Original Influencer Tupperware’s 6-Step Social Commerce Strategy

Rekha Ramesh
Rekha Ramesh

If any company knows the value of social influencers, it's Tupperware Brands, the originators of the Tupperware party that turned neighbors, families, and friends into centers of commerce.

So, it comes as no surprise that Tupperware has created an effective path to move from social media to social commerce, strategies laid out by Rekha Ramesh, chief digital and information officer of Tupperware Brands at the Consumer Goods Sales & Marketing Summit last week.

"Every one of you already should be doing social media marketing, and I’m sure you are," Ramesh noted, but the question now should be focused on how consumer goods companies are translating it these efforts into social commerce. “How do we make it easier for [consumers] to engage and take that action towards commerce?"

[See also: Sales & Marketing Special Report]

Ramesh, a 2021 CGT CIO of the Year winner, offered a four-level path to evolve social media efforts to social commerce in order to move from engagement to click-to-action: awareness, consideration, conversion, and loyalty. She then laid out a six-step plan that can be applied to any company's social media initiatives.

1. Set your target — determine consumer segments, goals and methods: "What is the consumer segment, what is the goal, what kind of methods we are engaging with – is it user generated content, is it social influencer, is it the brand message itself?" Ramesh explained.

2. Listen to your audience — develop feedback mechanisms: "How are they sharing, how are they liking or disliking, and what does it mean? Make it a systematic approach," Ramesh advised, so you have “the ability to listen to the audience and modify the approach based on what the audience are saying."

3. Content, content, content — create dynamic, compelling and creative content: Whether you create the content or you encourage curated user-generated content, or a combination of the two, Ramesh recommended you keep content bite-sized. "We're all busy. We have 30 seconds to look at something, so [content] has to be compelling, engaging. Make an investment in technology tools and people to create the content, and the ability to share content across all social media."

[See also: Unilever’s Social Commerce Playbook Adds New Start-up Platform]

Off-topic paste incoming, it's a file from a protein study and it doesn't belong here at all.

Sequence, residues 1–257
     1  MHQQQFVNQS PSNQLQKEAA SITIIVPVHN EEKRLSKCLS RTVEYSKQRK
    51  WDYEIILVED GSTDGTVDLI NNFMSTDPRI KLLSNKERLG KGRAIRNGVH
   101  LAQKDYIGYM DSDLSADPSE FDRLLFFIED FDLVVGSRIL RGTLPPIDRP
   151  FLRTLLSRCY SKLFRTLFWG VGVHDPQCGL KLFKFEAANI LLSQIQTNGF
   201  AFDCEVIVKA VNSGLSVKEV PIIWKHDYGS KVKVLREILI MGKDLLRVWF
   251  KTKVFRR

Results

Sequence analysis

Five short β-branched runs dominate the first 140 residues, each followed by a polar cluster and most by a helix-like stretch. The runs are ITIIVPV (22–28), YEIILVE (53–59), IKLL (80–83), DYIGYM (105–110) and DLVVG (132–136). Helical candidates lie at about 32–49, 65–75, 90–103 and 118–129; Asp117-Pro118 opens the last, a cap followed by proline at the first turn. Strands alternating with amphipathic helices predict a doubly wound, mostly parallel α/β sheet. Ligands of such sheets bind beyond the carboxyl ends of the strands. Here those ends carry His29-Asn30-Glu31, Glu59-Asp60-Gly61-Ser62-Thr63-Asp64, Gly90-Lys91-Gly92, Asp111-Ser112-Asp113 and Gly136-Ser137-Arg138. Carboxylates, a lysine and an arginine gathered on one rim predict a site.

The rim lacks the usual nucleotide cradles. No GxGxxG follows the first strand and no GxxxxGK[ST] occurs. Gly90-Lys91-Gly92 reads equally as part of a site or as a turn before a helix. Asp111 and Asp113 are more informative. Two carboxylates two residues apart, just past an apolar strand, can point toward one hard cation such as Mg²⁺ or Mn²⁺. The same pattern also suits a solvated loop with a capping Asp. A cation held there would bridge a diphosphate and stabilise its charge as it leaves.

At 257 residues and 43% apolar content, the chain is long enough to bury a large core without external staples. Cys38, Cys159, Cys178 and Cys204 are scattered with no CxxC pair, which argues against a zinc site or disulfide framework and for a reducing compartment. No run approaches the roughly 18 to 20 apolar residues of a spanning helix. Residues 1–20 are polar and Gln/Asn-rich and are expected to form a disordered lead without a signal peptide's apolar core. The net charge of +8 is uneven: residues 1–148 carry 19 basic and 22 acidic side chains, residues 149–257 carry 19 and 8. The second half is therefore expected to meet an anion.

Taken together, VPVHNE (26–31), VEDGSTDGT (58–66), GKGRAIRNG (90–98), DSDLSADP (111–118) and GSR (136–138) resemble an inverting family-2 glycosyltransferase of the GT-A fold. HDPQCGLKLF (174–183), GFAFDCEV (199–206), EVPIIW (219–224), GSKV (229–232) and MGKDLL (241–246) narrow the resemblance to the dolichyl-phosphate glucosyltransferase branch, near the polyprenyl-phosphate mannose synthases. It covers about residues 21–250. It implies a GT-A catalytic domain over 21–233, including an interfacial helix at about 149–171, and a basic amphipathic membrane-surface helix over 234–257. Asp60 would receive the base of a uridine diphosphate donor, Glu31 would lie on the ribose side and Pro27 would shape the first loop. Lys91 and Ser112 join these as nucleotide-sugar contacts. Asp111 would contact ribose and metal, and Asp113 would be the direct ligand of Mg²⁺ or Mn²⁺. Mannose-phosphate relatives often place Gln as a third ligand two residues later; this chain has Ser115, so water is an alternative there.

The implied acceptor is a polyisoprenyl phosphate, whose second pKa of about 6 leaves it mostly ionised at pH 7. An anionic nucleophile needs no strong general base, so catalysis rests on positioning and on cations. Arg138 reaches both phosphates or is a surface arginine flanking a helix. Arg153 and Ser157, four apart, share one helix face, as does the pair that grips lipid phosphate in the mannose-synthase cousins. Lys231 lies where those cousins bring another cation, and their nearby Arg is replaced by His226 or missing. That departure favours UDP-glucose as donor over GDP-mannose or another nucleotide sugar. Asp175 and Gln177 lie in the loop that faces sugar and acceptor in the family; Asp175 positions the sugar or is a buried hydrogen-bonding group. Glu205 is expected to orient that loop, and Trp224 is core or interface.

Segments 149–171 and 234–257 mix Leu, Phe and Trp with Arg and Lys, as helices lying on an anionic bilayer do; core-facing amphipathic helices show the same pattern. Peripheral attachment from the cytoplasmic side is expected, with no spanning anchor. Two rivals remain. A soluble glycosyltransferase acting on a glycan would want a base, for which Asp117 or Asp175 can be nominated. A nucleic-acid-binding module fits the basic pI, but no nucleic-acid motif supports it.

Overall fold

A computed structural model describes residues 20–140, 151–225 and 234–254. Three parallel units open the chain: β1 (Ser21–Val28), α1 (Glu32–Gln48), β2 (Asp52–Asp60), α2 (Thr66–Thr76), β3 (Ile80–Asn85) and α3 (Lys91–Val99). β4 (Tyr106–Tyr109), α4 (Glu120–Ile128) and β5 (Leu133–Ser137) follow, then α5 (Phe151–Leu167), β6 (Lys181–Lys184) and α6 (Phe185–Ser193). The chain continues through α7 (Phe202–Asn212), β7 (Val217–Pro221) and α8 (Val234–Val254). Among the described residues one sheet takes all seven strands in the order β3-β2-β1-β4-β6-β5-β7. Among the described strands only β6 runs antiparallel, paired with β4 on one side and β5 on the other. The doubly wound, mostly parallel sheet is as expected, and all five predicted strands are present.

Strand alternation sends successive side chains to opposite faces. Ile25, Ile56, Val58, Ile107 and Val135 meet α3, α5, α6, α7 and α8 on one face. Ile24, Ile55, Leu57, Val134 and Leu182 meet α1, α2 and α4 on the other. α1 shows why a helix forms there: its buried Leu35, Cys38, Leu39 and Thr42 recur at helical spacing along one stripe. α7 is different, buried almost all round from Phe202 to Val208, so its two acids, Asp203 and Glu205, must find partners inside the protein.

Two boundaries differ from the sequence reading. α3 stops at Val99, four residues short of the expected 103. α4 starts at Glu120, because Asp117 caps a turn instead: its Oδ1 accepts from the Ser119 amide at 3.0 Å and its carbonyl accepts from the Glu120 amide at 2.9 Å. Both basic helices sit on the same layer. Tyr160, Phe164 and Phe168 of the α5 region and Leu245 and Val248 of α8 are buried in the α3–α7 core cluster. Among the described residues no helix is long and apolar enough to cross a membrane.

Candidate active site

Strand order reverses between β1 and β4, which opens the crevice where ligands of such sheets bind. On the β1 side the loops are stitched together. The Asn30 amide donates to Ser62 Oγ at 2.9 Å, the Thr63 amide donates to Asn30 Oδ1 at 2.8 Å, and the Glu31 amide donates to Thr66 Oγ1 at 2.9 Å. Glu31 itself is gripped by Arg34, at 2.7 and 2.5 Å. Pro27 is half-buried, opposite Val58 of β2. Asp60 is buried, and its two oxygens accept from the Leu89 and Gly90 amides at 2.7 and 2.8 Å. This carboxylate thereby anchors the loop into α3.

4. Customer experience — prioritize experiences throughout the full commerce cycle: The social media/commerce customer experience is about "going from 'Like' engagement [and] get them into buy buttons where you can translate that into revenue," Ramesh said, "and then continuously talk to them about the product or returns, or any other concerns after purchase."

5. Continuously improve — define approach to test, learn and optimize: One recommendation from Ramesh was to take a micro segment to do a test and learn and optimize.

6. Tracking — set up attribution models and comprehensive data structure: Among the questions you should be able to answer include: "Where is the sale coming from, who is influencing it, how are we affiliating back to the influencers?"

Finally, in order to gain the maximum benefits from following these steps, Ramesh pointed to the crucialness of hiring the right talent. Hiring someone who’s dedicated toward focusing on social media is important as a marketing executive may be more likely to look at such things as pricing, product strategy, campaign status, and how it’s all translating into sales.

A social media marketing person, meanwhile, can focus on the platforms, the content, and how they’re resonated with consumers.

Also: Don’t forget the interns or the content copywriters. “Let’s not forget to blend in interns [who] are going to be very valuable because of how they engage,” she noted. “They are your user base too, and they will be able to help listen and react and come up with the new strategies.”  

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